@Haji 2003 You are right, but since the Immaculate Conception is a Catholic doctrine only officially promulgated since the 1800's, well after the Reformation, it isn't a giant issue for the other churches. I doubt many of their followers even know about or  understand it.

 

Oops, sorry my mistake. I double checked, I was referring Mary's virginal pregnancy and the debates around that.

https://www.theguardian.com/world/2006/dec/16/religion.commentisfree

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1 hour ago, LeftCoastMom said:

I also was going to say only 2% of Anglicans?

Must have been some reconversions lately....lol.

Yeah, I have to admit I would have thought it would be higher. But maybe they prefer to class themselves as agnostic instead.

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13 hours ago, Sawa said:

Salam,

This is interesting, and it means that the Anglican church allows debate from within their ranks and doubt. One of my favorite Christian figures is Bishop Desmond Tutu who used to be an Anglican bishop, and he challenges all types of orthodoxies within traditional Christianity on maters like homosexuality, sexism, and sex . If Orthodox Christians truly believe in their ideas on God, Jesus and the different precepts of Christianity debate and questioning will only reinforce their truth  and not demolish their religion.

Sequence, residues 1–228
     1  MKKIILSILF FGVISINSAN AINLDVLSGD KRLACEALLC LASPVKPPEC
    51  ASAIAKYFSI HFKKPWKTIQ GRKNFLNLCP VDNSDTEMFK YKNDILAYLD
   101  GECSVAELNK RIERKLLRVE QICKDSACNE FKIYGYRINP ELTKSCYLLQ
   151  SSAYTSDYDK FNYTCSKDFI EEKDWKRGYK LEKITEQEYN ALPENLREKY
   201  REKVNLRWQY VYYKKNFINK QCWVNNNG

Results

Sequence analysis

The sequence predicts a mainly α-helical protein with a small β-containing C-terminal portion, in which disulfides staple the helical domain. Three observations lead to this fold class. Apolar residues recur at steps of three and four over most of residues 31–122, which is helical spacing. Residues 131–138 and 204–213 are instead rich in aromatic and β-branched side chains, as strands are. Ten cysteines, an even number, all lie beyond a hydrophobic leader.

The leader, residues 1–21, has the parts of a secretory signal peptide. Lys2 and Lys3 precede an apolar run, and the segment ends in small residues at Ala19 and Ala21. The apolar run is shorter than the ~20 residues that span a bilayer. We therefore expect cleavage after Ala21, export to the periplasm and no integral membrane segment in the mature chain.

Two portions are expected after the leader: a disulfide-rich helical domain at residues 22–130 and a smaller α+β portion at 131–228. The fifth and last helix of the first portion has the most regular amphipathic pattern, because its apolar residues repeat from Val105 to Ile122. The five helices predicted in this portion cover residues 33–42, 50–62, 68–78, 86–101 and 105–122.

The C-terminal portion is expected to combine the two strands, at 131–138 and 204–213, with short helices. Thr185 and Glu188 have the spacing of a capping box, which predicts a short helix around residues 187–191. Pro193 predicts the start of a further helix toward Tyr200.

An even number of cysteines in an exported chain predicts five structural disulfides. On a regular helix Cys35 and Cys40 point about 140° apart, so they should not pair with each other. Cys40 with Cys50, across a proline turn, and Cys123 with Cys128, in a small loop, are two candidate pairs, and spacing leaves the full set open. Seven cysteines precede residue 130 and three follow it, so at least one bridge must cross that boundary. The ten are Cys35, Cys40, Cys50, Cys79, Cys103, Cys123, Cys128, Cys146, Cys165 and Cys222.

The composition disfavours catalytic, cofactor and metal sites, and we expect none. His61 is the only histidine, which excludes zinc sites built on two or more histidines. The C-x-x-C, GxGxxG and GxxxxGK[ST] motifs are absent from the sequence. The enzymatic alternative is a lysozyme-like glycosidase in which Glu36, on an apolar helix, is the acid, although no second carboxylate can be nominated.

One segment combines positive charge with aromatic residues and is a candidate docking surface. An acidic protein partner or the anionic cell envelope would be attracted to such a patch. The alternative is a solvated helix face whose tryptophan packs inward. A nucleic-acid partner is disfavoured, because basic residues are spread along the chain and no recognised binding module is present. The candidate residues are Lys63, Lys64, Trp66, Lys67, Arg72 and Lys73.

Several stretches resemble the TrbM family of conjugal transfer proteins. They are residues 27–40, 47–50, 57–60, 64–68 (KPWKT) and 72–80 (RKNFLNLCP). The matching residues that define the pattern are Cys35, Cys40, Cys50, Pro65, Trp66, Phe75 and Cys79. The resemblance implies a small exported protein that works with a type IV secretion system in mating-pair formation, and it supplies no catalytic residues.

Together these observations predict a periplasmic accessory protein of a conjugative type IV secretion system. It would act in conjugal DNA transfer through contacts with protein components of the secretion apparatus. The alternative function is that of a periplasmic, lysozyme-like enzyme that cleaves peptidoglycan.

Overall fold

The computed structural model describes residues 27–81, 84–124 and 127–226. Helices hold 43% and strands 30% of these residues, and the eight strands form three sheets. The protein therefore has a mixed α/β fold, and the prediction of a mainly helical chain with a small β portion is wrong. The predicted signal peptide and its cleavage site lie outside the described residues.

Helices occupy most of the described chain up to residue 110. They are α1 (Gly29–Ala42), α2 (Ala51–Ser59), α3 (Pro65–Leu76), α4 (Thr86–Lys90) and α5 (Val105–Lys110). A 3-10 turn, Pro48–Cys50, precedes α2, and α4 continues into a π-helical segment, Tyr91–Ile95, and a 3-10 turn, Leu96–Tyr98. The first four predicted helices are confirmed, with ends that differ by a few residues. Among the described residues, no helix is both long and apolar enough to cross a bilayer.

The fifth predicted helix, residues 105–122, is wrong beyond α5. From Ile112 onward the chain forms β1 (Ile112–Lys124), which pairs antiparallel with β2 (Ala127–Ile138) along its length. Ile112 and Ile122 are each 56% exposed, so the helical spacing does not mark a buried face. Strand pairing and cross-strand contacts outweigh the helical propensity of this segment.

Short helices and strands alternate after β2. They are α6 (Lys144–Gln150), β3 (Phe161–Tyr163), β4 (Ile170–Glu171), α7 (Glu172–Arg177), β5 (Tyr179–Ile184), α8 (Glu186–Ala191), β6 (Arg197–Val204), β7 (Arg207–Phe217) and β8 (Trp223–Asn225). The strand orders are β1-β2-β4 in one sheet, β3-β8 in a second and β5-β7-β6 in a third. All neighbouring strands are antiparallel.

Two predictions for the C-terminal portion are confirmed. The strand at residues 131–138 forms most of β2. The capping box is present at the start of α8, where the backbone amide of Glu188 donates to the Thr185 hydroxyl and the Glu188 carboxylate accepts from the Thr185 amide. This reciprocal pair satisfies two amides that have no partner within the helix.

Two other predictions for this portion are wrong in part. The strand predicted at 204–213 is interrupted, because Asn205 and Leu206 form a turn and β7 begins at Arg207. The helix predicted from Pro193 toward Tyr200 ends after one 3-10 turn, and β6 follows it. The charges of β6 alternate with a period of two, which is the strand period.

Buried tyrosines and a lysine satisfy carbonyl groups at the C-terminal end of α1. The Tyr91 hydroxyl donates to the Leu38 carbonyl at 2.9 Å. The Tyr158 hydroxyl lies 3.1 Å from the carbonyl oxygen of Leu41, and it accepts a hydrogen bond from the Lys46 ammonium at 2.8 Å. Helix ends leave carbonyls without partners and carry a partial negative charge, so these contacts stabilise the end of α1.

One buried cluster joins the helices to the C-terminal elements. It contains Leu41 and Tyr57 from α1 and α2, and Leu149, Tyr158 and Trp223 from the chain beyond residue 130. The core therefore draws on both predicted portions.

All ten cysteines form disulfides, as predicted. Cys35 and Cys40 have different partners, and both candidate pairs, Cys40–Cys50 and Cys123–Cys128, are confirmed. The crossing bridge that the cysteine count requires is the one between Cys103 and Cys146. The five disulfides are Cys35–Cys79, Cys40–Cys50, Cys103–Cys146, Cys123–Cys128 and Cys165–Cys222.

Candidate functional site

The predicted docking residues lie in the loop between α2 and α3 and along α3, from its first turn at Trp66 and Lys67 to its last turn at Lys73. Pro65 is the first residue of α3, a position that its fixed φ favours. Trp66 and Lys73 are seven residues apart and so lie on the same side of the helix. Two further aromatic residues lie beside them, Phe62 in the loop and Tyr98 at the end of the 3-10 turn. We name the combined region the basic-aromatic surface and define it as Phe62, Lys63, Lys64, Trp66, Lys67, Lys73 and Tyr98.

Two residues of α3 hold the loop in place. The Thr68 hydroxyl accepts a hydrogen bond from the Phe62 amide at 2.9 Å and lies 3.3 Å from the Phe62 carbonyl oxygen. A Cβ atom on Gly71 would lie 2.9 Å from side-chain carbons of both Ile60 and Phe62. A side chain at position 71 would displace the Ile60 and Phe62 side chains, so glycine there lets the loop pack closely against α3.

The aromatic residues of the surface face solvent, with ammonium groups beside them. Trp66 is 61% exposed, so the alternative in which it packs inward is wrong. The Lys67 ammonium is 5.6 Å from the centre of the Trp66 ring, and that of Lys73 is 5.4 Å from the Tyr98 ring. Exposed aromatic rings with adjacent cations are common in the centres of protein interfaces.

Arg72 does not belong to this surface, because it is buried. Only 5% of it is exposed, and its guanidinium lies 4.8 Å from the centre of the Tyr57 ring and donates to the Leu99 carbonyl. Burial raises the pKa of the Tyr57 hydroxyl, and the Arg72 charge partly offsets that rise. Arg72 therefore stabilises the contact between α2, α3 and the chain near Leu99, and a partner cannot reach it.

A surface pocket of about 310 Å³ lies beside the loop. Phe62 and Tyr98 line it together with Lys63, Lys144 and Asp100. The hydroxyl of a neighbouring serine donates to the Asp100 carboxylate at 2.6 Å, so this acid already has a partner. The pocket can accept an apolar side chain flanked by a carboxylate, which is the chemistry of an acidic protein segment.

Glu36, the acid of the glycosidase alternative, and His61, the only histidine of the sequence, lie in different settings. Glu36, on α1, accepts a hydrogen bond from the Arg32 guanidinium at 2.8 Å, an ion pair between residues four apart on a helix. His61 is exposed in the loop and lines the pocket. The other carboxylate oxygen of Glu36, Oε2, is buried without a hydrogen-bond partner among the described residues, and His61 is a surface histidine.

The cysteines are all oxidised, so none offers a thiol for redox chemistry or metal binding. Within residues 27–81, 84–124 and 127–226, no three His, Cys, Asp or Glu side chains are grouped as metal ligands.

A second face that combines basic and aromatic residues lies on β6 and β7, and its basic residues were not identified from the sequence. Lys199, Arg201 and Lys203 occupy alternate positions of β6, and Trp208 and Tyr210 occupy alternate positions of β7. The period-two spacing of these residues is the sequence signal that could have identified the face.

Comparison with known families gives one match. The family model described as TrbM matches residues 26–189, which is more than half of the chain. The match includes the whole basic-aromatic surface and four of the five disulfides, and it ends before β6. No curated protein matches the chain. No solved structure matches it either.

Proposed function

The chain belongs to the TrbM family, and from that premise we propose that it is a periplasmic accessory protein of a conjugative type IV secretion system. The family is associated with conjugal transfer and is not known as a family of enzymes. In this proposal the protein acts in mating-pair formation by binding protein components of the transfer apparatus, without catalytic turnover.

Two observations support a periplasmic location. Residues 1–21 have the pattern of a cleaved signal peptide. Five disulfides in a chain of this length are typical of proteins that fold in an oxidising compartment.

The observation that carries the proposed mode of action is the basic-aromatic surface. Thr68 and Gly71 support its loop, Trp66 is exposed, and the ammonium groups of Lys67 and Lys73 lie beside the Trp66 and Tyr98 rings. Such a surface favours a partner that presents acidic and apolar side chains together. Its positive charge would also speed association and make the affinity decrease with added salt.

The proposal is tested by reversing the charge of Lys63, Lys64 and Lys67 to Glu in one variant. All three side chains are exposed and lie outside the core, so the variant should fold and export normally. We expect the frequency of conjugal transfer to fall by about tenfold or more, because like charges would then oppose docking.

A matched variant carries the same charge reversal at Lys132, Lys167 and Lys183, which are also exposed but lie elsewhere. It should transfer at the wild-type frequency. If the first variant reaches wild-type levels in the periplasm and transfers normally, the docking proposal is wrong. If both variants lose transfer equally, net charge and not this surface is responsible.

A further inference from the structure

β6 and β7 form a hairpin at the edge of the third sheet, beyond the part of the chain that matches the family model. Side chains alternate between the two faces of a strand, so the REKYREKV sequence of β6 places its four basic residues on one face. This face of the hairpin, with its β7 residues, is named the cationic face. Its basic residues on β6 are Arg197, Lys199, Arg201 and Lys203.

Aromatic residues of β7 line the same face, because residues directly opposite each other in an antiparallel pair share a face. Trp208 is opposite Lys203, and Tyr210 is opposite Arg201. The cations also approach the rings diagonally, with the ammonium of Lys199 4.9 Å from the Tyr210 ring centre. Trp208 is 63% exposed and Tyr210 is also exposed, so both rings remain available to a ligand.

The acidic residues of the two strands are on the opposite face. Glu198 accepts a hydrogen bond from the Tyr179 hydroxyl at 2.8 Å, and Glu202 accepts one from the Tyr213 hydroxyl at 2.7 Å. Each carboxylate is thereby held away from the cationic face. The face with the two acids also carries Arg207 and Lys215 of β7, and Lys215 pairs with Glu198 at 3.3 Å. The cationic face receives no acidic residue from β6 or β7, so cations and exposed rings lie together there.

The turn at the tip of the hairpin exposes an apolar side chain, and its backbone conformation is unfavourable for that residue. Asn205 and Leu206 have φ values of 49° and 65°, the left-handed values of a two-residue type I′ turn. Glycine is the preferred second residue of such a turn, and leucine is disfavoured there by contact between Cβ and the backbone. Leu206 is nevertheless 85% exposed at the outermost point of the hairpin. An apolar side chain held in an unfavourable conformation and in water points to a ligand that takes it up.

Debate is one thing, apostasy is another. As for challenging 'all types of orthodoxies', I don't see what is so admirable about that when the way you challenge them is to simply tell people to ignore what the Bible says about those issues. I have plenty of respect for those who challenge man-made traditions within their religion from an intellectually coherent perspective, but any idiot can just pick and choose what they want to believe in.

I can say that I don't like Islam's position on sex, gender relations, homosexuality, slaughter of animals, and that instead we need to 'get with the times', and 'reflect the society around us', so we should move past what the Qur'an and hadith say, and progress to a more enlightened position. Does that make me a great reformer? No, it makes me an idiot who should be intellectually consistent and leave a religion that I clearly have major issues with.

I don't get these people that want to call themselves Christians, Jews, and Muslims, but then want to ignore what their scriptures say about various things. Isn't the whole point of belonging to those religions that you believe that God has spoken, and communicated to us? If you don't believe that, then why not just be a theist or a deist? Or is it that they believe that God has spoken, but listening is optional?

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37 minutes ago, Haydar Husayn said:

Debate is one thing, apostasy is another. As for challenging 'all types of orthodoxies', I don't see what is so admirable about that when the way you challenge them is to simply tell people to ignore what the Bible says about those issues. I have plenty of respect for those who challenge man-made traditions within their religion from an intellectually coherent perspective, but any idiot can just pick and choose what they want to believe in.